Later this year the full text of the article will appear in a book titled “Food Movements Unite!”, which is a collection of essays by food movement leaders from around the world that all seek to answer the perennial political question: What is to be done? It will provide a sector by sector road map for bringing the tremendous transformative potential of the world’s food movements together into a powerful transnational force capable of ending the injustices that cause hunger. “Food Movements Unite!” is being edited by Eric Holt-Giménez, Executive Director of The Institute for Food and Development Policy/Food First, and Annie Shattuck, a PhD candidate at the University of California at Berkeley.

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Ekorural, a Groundswell partner organization based in Ecuador, along with Wageningen University’s Communication and Innovation Studies Group, and the Latin American Faculty of Social Sciences recently won a grant from WOTRO, a division of The Netherlands Organisation for Scientific Research that supports scientific research on development issues, in particular poverty alleviation and sustainable development.

The project partners will explore how scientific insights can strengthen and complement the most promising positive deviance (i.e., uncommon but successful behaviors or strategies of farmers that enable them to find better solutions to a problem than their peers, despite having no special resources or knowledge) in ways that address both people’s immediate and long term needs. Among other things, the work will seek to develop and test methodologies to identify and strengthen positive deviance in resource poor households that effectively respond to food security priorities. Building on earlier studies and recent stakeholder consultations, the project will focus on positive deviance in two strategic areas for enabling farming families to defeat poverty and hunger:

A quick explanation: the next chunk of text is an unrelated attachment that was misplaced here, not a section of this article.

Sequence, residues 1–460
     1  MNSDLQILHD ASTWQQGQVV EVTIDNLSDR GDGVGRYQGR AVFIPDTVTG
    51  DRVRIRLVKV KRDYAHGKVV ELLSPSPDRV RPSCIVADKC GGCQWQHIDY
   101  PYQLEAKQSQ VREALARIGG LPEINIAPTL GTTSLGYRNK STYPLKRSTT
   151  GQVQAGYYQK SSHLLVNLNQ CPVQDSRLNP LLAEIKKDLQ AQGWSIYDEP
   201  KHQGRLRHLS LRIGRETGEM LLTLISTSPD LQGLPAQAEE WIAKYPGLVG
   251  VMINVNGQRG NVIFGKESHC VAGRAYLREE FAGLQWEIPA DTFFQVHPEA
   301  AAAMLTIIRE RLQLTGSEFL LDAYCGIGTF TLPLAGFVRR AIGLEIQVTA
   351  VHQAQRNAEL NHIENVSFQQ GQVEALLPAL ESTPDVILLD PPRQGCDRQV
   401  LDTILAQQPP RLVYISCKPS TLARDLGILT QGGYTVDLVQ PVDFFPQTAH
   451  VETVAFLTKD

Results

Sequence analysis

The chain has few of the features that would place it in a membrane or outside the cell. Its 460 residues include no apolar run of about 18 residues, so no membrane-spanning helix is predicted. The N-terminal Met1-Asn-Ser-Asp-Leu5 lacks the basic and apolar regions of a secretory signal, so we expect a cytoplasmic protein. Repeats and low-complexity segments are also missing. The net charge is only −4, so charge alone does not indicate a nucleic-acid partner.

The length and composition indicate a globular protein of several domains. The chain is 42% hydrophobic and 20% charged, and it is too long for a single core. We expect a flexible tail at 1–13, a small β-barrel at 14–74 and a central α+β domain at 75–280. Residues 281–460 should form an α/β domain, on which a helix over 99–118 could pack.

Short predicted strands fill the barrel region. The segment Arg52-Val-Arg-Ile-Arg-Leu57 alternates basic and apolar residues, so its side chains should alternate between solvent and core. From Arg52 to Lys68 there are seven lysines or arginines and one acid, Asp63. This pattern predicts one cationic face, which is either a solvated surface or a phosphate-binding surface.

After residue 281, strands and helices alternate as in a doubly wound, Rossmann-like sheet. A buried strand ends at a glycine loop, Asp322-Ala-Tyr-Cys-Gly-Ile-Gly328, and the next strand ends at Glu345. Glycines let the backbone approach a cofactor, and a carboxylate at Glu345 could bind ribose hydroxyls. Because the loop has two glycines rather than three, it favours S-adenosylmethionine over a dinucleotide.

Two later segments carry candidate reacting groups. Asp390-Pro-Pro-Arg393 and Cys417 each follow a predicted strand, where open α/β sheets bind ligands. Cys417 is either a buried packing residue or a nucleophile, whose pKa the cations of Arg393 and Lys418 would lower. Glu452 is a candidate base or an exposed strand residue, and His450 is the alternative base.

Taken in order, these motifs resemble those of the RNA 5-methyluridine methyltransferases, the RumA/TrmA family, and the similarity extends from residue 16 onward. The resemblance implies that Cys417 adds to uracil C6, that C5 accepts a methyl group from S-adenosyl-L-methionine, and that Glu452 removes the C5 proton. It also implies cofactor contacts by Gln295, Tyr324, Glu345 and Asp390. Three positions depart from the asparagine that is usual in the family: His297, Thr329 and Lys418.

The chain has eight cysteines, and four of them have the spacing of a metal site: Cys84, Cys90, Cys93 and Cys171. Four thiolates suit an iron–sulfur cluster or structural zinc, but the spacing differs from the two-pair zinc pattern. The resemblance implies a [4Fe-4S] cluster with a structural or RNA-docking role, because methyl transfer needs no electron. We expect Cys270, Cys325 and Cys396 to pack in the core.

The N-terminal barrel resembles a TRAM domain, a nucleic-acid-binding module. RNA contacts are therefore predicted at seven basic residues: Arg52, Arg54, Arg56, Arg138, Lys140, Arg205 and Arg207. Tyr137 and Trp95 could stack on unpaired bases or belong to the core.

• Creative utilization of water for food production in the context of growing climate variability; and
  • Strategic utilization of food production for family nutrition, in particular for assuring the health and well-being of vulnerable mothers and infants.

The re-positioning of agricultural science around endogenous potential in Ecuador holds global implications. The food crisis and growing international interest in local food as a means to addressing resource constraints and climate change guarantee that this project will be closely followed by serious foodies.